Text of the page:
As you all know, there’s a row full of auto mechanic stalls at every big-box discount store and a chain auto parts jobber right across the parking lot. More competition in any business drives down gross margins. The brake pads that meet OE standards from brands X, Y and Z are pretty similar. Buy mine for a dollar less than that guy. When the color doesn’t match on this car, it takes a knowledgeable, hands-on jobber to help.
Mechanical labor time is also sold by the tenth of an hour (six-minute blocks) but is lots harder to beat in a service bay than in a collision stall. The book says it takes 2.3 hours to change six plugs on car X, and it’ll take all of that to actually do it. The book says it’ll pay 2.3 hours to R&R crash part X, but I’ll be done in half that. The result is a better-than-average gross margin for both body shops and PBE distributors for learning the unique rules of the collision repair game.
My VC guy from New York wanted to know what I thought the biggest body shop problem was. As always, I contend that the main reason our industry’s average cycle time (the time it takes to collect Mrs. Smith’s keys and return Mrs. Smith’s keys) is a sad 11 days on an average repair of just $2,000 to $3,000 is poor crash parts management. Smart shops solve this problem by getting parts procurement truly organized and gliding parts carts loaded with all the unwrapped and double-checked replacement parts aboard into the stall just as the damaged vehicle and tech arrive. I granted the VC guy that it was a solvable problem but not a common solution, hence the industry’s 10- to 13-day LOR (length of rental) times.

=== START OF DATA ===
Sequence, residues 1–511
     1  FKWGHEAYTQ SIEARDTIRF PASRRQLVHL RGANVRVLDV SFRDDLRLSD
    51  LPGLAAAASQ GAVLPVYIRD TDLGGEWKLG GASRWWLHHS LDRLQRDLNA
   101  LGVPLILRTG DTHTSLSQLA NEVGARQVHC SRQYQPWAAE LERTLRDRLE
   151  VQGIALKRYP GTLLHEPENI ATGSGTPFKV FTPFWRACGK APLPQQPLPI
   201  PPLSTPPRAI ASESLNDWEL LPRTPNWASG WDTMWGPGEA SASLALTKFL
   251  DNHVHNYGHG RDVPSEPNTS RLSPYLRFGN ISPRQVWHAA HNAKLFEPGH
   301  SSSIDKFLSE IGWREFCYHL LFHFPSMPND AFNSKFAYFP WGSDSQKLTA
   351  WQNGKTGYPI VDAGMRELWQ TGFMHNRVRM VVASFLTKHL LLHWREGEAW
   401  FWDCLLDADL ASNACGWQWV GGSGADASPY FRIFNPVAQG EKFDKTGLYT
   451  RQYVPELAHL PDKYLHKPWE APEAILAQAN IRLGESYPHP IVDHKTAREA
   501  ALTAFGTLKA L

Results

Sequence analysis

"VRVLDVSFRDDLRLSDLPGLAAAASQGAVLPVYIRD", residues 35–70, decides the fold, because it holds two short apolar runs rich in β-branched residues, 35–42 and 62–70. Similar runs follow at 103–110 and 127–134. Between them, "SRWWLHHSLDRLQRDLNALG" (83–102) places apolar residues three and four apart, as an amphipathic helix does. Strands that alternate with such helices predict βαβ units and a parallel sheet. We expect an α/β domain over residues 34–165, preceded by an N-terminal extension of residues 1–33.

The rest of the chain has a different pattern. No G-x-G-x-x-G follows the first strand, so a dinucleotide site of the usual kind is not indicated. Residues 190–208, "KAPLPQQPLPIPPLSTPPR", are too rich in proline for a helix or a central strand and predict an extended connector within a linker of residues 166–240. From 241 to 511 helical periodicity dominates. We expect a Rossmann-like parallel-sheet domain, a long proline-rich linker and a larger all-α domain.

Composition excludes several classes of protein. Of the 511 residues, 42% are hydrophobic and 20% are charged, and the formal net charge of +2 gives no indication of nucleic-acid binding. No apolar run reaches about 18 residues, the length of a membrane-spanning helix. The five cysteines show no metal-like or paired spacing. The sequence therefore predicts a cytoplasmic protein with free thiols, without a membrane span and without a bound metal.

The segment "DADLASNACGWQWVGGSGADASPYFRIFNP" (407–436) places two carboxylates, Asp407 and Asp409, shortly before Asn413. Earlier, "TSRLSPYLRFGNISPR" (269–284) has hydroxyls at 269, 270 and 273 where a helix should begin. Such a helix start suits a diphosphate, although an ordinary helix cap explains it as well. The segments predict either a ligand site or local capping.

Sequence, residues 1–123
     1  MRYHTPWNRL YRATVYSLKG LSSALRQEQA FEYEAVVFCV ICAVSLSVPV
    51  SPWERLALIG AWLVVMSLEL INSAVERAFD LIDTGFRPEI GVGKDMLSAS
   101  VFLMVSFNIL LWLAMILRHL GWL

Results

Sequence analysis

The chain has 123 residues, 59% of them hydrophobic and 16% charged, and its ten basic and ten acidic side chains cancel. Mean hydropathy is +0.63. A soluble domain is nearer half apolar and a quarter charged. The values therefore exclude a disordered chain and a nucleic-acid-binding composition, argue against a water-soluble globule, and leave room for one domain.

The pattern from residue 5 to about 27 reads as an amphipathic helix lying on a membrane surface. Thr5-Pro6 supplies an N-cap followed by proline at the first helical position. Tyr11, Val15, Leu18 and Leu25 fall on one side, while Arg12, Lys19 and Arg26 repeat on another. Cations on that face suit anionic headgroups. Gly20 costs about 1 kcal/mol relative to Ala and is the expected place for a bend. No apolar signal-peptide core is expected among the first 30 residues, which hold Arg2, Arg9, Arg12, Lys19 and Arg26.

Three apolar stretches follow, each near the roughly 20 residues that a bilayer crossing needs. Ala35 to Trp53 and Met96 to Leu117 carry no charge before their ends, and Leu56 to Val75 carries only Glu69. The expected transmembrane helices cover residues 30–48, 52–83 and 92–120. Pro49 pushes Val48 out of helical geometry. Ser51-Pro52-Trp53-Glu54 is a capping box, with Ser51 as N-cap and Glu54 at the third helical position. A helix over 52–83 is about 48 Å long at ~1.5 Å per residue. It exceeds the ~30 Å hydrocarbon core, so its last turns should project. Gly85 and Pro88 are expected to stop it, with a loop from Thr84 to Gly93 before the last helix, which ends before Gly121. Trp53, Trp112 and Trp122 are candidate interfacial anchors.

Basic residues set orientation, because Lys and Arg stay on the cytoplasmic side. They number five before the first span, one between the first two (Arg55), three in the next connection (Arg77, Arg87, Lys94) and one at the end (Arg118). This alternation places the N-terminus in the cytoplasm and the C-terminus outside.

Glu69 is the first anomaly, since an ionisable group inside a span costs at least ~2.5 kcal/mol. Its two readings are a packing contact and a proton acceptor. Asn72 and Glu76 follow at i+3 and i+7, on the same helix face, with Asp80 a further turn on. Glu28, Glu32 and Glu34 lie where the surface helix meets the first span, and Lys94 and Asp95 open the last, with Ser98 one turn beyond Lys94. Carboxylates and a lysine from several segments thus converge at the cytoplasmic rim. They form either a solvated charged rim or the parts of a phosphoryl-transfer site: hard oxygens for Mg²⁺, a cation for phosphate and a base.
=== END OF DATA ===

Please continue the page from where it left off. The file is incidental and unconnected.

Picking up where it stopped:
Once the crash part issues are under control, the body shop is left with another ongoing difficulty and impediment to speedy repair: color match. Seventy percent of what the average body shop buys from their PBE jobber is liquid. Refinish automotive paint systems (primer/surfacer/sealer/color/clear) are a true wonder of modern chemistry. Using stuff that comes out of cans in the shop and is shot with gravity-feed guns in a less-than-stellar paint cabin, it will last as long and look as good as the baked-on, multi-component, robot-applied coatings they used at the factory. Give the next auto paint chemist you see a high five. Matching the hue, reflectants, gloss and texture of the finish invisibly on every car qualifies as a major body shop victory.